"Give us Famagusta back! (the city, a bit north, since 1974 Ghost city, in no-man’s land) they (British/Greek) have cried this week. The developers are rubbing their hands, preparing for the day of reunification with Turkish North, constant lobbying, shaping opinion, influence the press, Greeks have as much blame to bear as Turks for the current status quo of Cyprus-island (read wiki on the Cyprus conflict).
However in light of what they, the concrete and Caterpillar people have done to the southern Cypriot coast one wants to pray that for the sake of Nature unification may never happen.
At this stage I still have to go and see the North; so-far the South has shown me only so much of nature; I have a feeling the North is where I want to go.
Monday, afternoon on the beach in Larnaca near the airport, finally around 5 the haze clears, I watch the planes land, Christina arrives from Amman and we go north, pass Nicosia/Lefkosia the border is easy going, hostilities have abated, all is relaxed, straight to Kyrenia/Girne on the northern coast, the maybe nicest town on Cyprus. Turkish is spoken, Turkish food everywhere, Greek Cypriot wines have disappeared from the shelves, but Efes beer and Raki, and obviously Turkish wine from Thrace are sold on every corner. Turkish Cyprus is certainly Muslim but certainly not conservative. One single, beautiful, so distinct Turkish, al-Maghrib prayer call is heard and then later after dark another (single) one, instead of the tens and hundreds that mingle normally in Muslim countries. Not a single woman with a headscarf crosses our path in Kyrenia. Instead the so common Atatürk statues and two flags (Turkish and Turkish Northern Cypriot) point to an almost militant secularism. (One wonders what Atatürk has to do with the Cypriot civil war, apart from that he symbolises Turkish greatness.)
Coming to the Turkish (northern) part of the island, the same surprise happens as had happened when I crossed from Israel to Palestine. The country almost instantaneously becomes beautiful. Gone are the concrete superstructures, the large scale projects, the bulldozer destructions. Just pleasant, natural growth, terrain is just left on its own; to nature.
Setting out on the northern coast eastwards, camp on the sea, the haze is back, Kantara castle, from Crusaders times, has a wonderful view to the eastern end, still some 80 km away, but we can see the converging seas. Up here it’s again pines, cedars and olive trees and little lizards on every step escaping in the under woods. Already afternoon down at the coast we set up camp again atop the cliffs amidst beds of wildflowers, a cyan-blue ocean underneath. Some settlement/village had been here, first we see a church served maybe as a mosque, elsewhere stone walls are visible, overgrown by bushes, also some rock had been chiselled away from the cliff’s top, some parts of the escarpment had fallen into the ocean, taking whole parts of the village with it, some Ottoman building stands in the back near a natural harbour. We find lots of pottery, fragments of jars, handles; some places show clear signs of digging, by individuals, plunderers. The little lizards unimpressed hurdle away as swift as ever.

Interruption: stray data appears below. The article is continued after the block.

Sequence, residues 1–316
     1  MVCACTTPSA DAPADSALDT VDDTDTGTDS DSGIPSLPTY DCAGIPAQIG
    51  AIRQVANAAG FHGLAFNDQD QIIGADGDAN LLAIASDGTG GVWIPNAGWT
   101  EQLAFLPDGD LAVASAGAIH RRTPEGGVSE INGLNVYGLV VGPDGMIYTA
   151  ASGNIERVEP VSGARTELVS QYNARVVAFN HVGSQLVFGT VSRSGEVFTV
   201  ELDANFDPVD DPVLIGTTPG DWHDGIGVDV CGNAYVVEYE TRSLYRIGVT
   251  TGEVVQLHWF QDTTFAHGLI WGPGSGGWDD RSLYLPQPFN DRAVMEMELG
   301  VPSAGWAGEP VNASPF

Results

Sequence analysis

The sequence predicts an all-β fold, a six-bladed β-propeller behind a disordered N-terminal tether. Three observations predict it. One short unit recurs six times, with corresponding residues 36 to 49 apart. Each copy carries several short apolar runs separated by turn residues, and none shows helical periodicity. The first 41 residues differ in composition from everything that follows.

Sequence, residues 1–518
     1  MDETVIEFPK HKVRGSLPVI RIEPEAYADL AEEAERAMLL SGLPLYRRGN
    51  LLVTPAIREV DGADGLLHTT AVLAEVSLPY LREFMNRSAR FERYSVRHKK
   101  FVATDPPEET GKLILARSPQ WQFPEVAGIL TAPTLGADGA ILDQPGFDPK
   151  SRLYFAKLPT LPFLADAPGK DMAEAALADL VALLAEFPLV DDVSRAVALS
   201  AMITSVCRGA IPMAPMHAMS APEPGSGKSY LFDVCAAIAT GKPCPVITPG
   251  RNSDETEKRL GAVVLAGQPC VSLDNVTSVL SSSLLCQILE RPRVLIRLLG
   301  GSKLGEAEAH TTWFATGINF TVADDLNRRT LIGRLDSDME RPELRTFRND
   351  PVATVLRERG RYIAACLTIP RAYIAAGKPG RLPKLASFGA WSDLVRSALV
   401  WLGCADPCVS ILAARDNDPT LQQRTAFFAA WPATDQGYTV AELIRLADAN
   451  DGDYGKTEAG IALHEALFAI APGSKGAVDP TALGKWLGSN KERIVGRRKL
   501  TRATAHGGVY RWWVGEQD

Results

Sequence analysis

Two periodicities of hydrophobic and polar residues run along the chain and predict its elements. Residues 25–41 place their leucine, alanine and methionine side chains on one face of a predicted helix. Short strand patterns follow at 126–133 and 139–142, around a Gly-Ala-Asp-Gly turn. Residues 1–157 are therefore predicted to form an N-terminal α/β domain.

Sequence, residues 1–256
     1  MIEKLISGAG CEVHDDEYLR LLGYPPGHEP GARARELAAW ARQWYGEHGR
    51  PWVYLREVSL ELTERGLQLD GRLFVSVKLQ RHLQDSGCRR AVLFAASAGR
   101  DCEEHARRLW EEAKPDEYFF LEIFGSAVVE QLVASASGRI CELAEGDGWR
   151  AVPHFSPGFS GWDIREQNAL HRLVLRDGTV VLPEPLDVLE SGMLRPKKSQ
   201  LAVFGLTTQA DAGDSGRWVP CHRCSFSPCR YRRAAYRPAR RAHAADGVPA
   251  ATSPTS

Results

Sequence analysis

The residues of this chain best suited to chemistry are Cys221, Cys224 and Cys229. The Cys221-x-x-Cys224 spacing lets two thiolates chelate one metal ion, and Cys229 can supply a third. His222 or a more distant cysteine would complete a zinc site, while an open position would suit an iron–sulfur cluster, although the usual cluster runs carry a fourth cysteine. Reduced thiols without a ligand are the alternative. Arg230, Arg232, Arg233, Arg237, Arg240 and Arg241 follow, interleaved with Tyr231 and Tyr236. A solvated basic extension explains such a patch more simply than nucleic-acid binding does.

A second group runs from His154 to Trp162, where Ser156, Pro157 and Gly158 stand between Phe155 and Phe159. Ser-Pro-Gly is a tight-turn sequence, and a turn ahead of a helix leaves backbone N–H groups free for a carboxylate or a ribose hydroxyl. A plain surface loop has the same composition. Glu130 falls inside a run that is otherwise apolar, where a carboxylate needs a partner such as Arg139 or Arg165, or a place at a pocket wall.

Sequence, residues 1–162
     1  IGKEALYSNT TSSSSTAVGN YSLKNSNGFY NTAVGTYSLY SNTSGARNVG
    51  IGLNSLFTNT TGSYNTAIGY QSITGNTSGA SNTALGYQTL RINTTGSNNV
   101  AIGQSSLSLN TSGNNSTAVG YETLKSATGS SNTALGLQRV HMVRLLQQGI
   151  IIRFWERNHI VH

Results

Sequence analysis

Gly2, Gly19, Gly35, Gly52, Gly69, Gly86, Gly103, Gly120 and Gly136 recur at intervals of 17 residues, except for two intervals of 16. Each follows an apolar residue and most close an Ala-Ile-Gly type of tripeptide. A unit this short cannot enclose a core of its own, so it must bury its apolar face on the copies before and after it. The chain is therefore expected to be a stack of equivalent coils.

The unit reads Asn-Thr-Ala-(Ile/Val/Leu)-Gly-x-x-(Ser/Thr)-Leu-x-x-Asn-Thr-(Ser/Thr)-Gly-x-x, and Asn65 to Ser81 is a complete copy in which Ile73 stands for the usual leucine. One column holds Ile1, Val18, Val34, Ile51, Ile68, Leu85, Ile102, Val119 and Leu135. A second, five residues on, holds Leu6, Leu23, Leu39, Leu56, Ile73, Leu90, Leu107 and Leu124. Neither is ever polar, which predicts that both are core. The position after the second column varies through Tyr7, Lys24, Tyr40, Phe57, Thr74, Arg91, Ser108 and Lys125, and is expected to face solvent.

Evening is calm, sun sets behind the next weather formation on its move in. Morning is cold, very stormy; overnight the calm sea mutated into a monster. We drive all the way out to the cape, Akrotirio Apostolos Andrea, there, Andrea Monastery seems shut, though partly rebuilt, a sign says stabilised by USAID funds, so maybe times are improving and Christian buildings are being maintained again. A wild donkey reserve spreads over the whole of the cape.
The cape is stormy with huge waves pounding the limestone rocks from the north, in the lee on the southern side of the long eastern finger of Cyprus the sea is calmer, the cliffs steeper, nature rougher, and donkeys bleat all night.
The North, the farthest eastern point where the sun rises is where I wanted to go, I expected healthy nature and I found the beauty, in wide stretches the untouched wilderness; on this clear morning as the sun rises one can even see the Syrian mountains, some 80 kilometres away.